4. If within 3-4.5 hours and absence of hemorrhage = Thrombolyse. 
5. If hemorrhage - BP control and ICT management.
6. If beyond 4.5 hours = Symptomatic and Palliative care and treat risk factors.


- I hope all of these Syndromes are clear to you now !
 Let me know if you'll have any doubts. 
Happy Studying ! 
Stay awesome.
~ A.P.Burkholderia

Fact of the day: Marchiafava-Bignami disease

Marchiafava-Bignami disease is a rare disorder of demyelination or necrosis of the corpus callosum and adjacent subcortical white matter that occurs predominantly in malnourished alcoholics. Dementia, spasticity, dysarthria, and inability to walk may present as an acute, subacute or chronic condition.

Lesions appear as hypodense areas in portions of the corpus callosum on CT and as discrete or confluent areas of decreased T1 signal and increased T2 signal on MRI. Alcohol abusers without liver disease, amnesia, or cognitive dysfunction show thinning of the corpus callosum at autopsy and on MRI, suggesting that alcohol or malnutrition damages the corpus callosum commonly in the absence of the necrotic lesions of Marchiafava-Bignami disease.

Interesting, isn't it?
-IkaN

High ankle and low ankle sprain mnemonic

Hello!

High ankle and low ankle sprain

Sunday, May 21, 2017

Atrial fibrillation begets Atrial fibrillation: Explanation

Hi ! Short post on pathophysiology of Atrial Fibrillation!

- Atrial Fibrillation is a fairly common disorder of rhythm, where the atria begin to beat at random , irregular and very high rates. Like 300-600 beats / min !
- Some of these MANY contractions get transmitted to the ventricles causing an Irregular , yet High , Ventricular rate - around 100-160 per minute or even higher.

Now how this occurs is a very interesting yet much-ignored mechanism.

- Due to some pre existing factors like Rheumatic heart disease , Myocardial ischemia or Thyroid abnormalities among many others, the atria get electrically irritated and begin to fire on their own.

- These ectopic foci are common along the opening of the pulmonary veins = called the pulmonary sleeve.
This area of hyperactivity and automaticity begins to fire from the left Atrium creating a wavefront of abnormal impulses.

- Say one of these myocytes becomes ectopic one day and produces an abnormal wavefront. This wavefront progresses across the atrium and in turn stimulates the other Atrial myocytes to inturn fire ectopically -- causing formation of multiple Daughter ectopic foci.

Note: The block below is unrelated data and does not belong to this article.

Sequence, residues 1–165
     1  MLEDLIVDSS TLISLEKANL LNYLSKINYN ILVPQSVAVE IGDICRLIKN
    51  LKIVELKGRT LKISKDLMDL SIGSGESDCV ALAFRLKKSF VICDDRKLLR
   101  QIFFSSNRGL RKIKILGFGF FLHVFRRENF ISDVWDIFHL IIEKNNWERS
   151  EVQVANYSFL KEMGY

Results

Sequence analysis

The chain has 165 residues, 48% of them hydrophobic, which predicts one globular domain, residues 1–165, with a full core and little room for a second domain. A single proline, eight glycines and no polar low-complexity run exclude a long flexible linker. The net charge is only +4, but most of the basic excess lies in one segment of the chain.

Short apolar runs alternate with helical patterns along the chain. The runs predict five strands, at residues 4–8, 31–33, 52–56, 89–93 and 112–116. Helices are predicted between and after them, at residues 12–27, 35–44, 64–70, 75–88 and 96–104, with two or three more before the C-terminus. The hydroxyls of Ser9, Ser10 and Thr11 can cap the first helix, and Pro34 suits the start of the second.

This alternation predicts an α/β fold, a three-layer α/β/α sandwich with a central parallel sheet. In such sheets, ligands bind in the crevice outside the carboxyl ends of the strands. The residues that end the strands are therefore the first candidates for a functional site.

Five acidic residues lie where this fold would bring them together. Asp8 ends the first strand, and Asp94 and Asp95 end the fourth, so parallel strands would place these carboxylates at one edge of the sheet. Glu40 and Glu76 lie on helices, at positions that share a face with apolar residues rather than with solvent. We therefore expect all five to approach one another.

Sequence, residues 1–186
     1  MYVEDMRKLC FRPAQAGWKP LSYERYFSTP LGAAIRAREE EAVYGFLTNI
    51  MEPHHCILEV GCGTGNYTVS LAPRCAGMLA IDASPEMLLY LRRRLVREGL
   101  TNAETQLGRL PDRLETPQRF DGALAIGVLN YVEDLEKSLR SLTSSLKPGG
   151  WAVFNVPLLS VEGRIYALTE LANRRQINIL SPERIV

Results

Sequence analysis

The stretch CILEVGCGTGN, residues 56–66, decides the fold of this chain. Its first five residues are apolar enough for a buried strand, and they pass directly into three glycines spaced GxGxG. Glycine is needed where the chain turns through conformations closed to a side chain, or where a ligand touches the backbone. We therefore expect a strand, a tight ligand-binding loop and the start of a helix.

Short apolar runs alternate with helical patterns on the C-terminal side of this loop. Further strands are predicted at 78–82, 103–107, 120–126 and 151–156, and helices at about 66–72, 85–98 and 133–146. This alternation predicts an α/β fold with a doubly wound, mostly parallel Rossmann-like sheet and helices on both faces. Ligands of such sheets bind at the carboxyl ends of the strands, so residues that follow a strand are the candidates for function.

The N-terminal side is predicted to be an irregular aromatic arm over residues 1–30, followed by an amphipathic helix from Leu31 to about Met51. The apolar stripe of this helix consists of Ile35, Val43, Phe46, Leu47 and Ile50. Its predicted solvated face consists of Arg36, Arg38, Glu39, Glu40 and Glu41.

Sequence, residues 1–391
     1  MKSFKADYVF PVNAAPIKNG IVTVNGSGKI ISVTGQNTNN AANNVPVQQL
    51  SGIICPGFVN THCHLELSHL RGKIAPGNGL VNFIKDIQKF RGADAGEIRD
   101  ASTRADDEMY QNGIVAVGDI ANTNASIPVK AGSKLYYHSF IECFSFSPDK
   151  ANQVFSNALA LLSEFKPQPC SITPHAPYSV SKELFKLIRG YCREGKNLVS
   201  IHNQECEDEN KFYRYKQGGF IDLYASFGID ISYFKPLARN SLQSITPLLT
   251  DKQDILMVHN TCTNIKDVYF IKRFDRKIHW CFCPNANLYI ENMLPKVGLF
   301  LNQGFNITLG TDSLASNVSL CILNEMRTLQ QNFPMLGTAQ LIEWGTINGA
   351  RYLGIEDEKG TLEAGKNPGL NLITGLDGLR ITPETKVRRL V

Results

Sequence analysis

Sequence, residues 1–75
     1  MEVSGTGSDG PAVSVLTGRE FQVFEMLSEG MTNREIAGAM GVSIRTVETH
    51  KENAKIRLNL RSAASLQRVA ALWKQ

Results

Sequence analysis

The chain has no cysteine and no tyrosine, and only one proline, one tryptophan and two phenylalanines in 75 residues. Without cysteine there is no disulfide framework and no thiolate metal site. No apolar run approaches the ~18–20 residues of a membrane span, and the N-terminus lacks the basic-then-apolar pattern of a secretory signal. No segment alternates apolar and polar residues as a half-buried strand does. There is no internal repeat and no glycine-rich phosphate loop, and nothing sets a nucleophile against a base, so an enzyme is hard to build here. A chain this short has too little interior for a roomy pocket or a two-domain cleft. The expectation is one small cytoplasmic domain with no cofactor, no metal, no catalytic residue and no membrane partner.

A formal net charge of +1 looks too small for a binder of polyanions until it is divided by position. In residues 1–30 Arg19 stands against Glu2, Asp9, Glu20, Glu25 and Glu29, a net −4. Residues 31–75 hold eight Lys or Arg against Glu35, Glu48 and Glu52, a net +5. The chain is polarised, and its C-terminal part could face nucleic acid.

- These daughter ectopic foci produce daughter wavelets that then propagate through the atria , in turn producing more duaghter wavefronts.

- Eventually there are A LOT of Atrial foci causing multiple wavelets to produce multiple electrical wavefronts.

- Thus A-Fib causes multiple wavefronts which in turn cause more wavefronts eventually propogating A fib as a positive feedback mechanism​.

- In the long term, due to this constant irregular beating there is fibrosis and electrophysiological remodelling making the atrium more irritable and automatic.

Thus A-Fib begets A-Fib!

Hope you liked this !
Happy Studying !
Stay awesome.
~A.P.Burkholderia

Mitral Regurgitation Begets Mitral Regurgitation : Explanation


Hi everyone just a short explanation of the famous phrase 'MR begets MR'.
Here goes.

- Mitral Regurgitation is a disease where the mitral valve is incompetent or insufficient and leaks or pukes when it should be shut. (Rather like a blithering idiot who keeps talking at the wrong time. =}. )

- So it allows the blood to puke back into the Left Atrium from the Ventricle during systole.

- So assume - 100 ml of blood would flow into LV from the LA normally which the LV would pump into the Aorta.

- Now because fo the weird and incompetent valve , the LV can pump only like 70 ml into the Aorta and the rest of the 30 ml goes back into the LA.

- So now the LA volume is 30 ml + 100 ml
And it'll pour in 130 ml into the LV.

- So effectively, the LV has an overload of volume in it and over a period of time it would undergo Dilatational changes and increase in size.

- As the Ventricle increases in size , the mitral valve apparatus is stretched all the more.

-This is because the mitral valve is attached to the Ventricular myocardial tissue directly at the annulus as well as via the papillary muscles. Both of these are stretched. 

- The stretching causes further increase in MR. This causes further volume overload. Which causes further MR.

- Thus it is like a positive feedback response and a vicious cycle is formed.

This phenomenon is referred to as ' MR begets MR' which means MR basically causes Ventricular changes which stretch the heart and cause more MR which continues the cycle further.

Hope this helped !
Happy studying !
~ A.P. Burkholderia